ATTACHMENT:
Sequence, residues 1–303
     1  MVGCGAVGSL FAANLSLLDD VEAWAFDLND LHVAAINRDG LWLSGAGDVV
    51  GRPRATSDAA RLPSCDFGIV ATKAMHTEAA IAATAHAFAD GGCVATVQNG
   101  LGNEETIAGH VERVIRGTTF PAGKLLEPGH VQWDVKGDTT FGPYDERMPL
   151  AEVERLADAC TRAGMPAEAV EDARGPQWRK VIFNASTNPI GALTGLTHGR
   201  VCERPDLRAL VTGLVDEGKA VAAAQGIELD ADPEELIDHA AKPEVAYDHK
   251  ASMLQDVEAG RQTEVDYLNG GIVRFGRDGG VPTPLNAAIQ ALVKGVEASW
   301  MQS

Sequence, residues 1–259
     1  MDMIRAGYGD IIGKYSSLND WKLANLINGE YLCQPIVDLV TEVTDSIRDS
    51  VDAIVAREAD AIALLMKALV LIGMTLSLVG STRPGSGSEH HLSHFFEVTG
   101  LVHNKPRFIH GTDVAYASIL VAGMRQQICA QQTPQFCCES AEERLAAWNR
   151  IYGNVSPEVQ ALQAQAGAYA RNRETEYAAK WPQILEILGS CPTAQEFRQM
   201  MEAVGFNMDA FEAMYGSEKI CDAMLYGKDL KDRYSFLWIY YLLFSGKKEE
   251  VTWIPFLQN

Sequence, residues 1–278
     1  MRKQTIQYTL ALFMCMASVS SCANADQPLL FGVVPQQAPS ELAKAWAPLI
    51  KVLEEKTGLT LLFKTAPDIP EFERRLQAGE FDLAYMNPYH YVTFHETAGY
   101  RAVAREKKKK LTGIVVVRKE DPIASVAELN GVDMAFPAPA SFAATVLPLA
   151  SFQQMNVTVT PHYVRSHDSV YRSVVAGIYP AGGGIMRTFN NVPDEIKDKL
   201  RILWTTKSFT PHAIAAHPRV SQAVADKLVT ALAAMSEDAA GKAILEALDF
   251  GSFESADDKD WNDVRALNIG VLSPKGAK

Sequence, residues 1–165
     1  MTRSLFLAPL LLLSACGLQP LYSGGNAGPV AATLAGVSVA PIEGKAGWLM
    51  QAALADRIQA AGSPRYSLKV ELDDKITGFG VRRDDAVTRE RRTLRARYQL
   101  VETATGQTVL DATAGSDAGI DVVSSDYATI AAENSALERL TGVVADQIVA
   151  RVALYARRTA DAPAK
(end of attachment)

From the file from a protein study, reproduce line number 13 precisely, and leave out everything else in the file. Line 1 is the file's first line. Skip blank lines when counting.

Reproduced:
   151  IYGNVSPEVQ ALQAQAGAYA RNRETEYAAK WPQILEILGS CPTAQEFRQM